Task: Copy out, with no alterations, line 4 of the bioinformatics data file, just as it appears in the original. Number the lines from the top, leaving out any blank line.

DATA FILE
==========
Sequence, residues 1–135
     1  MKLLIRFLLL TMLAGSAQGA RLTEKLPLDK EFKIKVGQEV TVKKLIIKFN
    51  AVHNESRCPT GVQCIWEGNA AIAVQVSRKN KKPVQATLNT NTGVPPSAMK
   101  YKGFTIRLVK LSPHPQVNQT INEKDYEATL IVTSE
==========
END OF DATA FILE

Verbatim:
   101  YKGFTIRLVK LSPHPQVNQT INEKDYEATL IVTSE